NSF 15-577

https://www.nsf.gov/pubs/2015/nsf15577/nsf15577.pdf

The Office for Research Development (ORD) is requesting letters of intent for the National Science Foundation (NSF) – Collections in Support of Biological Research (CSBR) 2014 program.

Office for Research Development Letter of Intent submission deadline: June 5, 2017

Agency Deadline: August 14, 2017 

Anticipated Funding Amount:  $4,500,000

Estimated Number of Awards: 15-20

Limit on Number of Proposals per Organization: In a single round of the CSBR competition, only one proposal may be submitted from any individual collection within an organization. One organization may not submit more than three proposals to any one CSBR competition.

  • Please note - only two spots remain.

Program Synopsis:

The Collections in Support of Biological Research (CSBR) Program provides funds: 1) for improvements to secure, improve, and organize collections that are significant to the NSF BIO-funded research community; 2) to secure collections-related data for sustained, accurate, and efficient accessibility of the collection to the biological research community; and 3) to transfer collection ownership responsibilities.

The CSBR program provides for enhancements that secure and improve existing collections, result in accessible digitized specimen-related data, and develop better methods for specimen curation and collection management. Requests should demonstrate a clear and urgent need to secure the collection, and the proposed activities should address that need. Biological collections supported include established living stock/culture collections, vouchered non-living natural history collections, and jointly-curated ancillary collections such as preserved tissues and DNA libraries.

In an effort to provide the highest level of excellence and viability for funding, a review process will be put in place if more than three proposals are submitted. The finalist will be asked to represent Oregon State University and to submit their proposal to the NSF-CSBR  program by the NSF deadline of August 8, 2017.

Information:  Research.Development@oregonstate.edu

General guidance for preparation of letters of intent to the Office for Research Development:

COVER SHEET (1 page)

  • Solicitation Name and Descriptive Title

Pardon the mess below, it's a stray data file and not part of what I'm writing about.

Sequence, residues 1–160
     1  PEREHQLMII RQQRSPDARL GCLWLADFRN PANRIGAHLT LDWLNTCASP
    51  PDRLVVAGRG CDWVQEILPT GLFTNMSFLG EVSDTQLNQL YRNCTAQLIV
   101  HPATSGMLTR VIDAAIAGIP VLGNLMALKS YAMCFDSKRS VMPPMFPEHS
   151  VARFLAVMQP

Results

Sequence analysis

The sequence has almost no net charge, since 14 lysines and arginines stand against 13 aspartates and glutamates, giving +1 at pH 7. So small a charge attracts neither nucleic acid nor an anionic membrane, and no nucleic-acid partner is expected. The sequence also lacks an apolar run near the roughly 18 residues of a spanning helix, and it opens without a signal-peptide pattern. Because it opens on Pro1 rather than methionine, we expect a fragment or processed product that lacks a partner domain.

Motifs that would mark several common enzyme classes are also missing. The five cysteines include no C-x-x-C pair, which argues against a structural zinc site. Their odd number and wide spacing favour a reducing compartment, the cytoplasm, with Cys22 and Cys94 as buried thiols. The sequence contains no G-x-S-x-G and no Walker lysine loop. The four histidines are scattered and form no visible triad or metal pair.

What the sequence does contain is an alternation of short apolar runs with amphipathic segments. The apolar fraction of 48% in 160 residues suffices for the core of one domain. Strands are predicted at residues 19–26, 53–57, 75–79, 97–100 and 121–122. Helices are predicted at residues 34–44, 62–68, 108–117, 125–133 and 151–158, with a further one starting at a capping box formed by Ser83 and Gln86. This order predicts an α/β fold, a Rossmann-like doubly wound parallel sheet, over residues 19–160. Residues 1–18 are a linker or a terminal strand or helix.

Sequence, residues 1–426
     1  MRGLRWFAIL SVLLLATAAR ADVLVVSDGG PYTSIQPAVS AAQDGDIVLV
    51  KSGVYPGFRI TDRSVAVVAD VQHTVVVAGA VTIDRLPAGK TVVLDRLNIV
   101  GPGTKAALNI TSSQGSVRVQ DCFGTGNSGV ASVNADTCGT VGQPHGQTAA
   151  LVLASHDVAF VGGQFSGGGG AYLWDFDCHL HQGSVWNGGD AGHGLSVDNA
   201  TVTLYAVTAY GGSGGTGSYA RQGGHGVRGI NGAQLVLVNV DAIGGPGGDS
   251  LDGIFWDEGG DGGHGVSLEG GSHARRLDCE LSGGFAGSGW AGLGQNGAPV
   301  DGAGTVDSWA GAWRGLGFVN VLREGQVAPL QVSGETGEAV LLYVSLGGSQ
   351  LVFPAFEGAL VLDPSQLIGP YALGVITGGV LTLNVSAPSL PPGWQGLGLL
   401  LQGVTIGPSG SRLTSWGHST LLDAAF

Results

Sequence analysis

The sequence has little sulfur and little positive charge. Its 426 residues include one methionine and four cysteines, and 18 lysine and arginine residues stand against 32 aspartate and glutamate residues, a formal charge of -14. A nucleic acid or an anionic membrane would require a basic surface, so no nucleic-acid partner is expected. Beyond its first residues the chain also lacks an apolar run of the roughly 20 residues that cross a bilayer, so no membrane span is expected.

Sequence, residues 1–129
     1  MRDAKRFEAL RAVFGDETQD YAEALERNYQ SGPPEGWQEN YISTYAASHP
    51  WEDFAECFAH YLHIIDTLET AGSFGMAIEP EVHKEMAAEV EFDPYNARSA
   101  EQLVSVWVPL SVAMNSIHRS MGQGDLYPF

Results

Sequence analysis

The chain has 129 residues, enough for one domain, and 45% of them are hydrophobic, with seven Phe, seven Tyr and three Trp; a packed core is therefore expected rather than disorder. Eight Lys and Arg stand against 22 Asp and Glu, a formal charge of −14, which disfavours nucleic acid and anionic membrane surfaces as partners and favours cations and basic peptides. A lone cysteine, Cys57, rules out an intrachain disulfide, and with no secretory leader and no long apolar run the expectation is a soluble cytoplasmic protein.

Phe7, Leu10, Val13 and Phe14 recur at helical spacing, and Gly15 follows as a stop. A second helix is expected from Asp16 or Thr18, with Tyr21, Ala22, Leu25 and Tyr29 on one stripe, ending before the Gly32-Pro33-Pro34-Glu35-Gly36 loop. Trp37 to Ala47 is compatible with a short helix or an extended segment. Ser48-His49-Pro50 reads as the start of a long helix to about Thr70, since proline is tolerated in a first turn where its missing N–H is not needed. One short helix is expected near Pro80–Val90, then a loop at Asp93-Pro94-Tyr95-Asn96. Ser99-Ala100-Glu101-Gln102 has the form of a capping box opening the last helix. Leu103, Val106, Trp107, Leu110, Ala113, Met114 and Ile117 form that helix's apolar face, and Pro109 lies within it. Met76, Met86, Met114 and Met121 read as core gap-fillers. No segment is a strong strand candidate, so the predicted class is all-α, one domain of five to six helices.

• Project Summary:  3 or 4 sentences or bullet points that provide an overview of the objective of your proposed research, how you plan to do it, and the expected outcome.
  • Unique Aspects:  3 or 4 sentences or bullet points that highlight how your research/approach is different/better.
  • Key PI/co-PIs:  5 or 6 sentences or bullet points that highlight team expertise as it relates to the project.
  • Budget:  Example:  The total cost of the project is anticipated to be $ X, with $ Y being requested from the NSF.  NSF funds will be used for: $ A for personnel; $ B for operations, and $ C for broader impacts/subcontracts etc. 
  • Justification for NSF support: One paragraph explaining why this research fits with the RFP and strategic goals of NSF. 

PROJECT DESCRIPTION (1 - 4 pages)

  • Problem statement - Clear and concise statement of 1) research question(s) and how the project will address the research question(s); 2) what technical barriers need to be overcome to perform the research; and 3) how the proposed research can lead to the advancement of research/knowledge in this area.
  • Conceptual framework:  Conceptual framework describing, for example, how the synthesis of various project components, approaches, and participant expertise are linked together to address the problem of interest.  Graphics may be used.
  • Proposed activities: Describe the project to be undertaken and provide the technical specifications of the research activities and timelines that will be undertaken.
  • Expected results: Describe the outcome you anticipate from the research. (Remember your initial motivation for wanting to do this!)
  • Peer Groups: Who else is doing something similar, why their discoveries are useful for you, and what discriminates you.
  • Broader Impact/Metrics for Success: What metrics are the most appropriate for evaluating the success of the proposed project (e.g., peer-reviewed papers, policy-directed efforts, databases, models, development of new resources, etc.)? If successful, who would most likely use the knowledge or tools developed?
  • Fundraising:  List any matching fund requests, industry commitments etc.  List any similar current proposals pending.

Suggested Reviewers: (1 page) Optional – but as you write envision who might be a reviewer of your proposal or the Program Officer.

  • Reviewer 1: Area of expertise
  • Name
  • Title
  • Contact
  • State why you think this person would be a good reviewer.
Expiration: 
Monday, June 5, 2017
Date Open: 
Friday, November 7, 2014
Source: 
External
Sponsor: 
National Science Foundation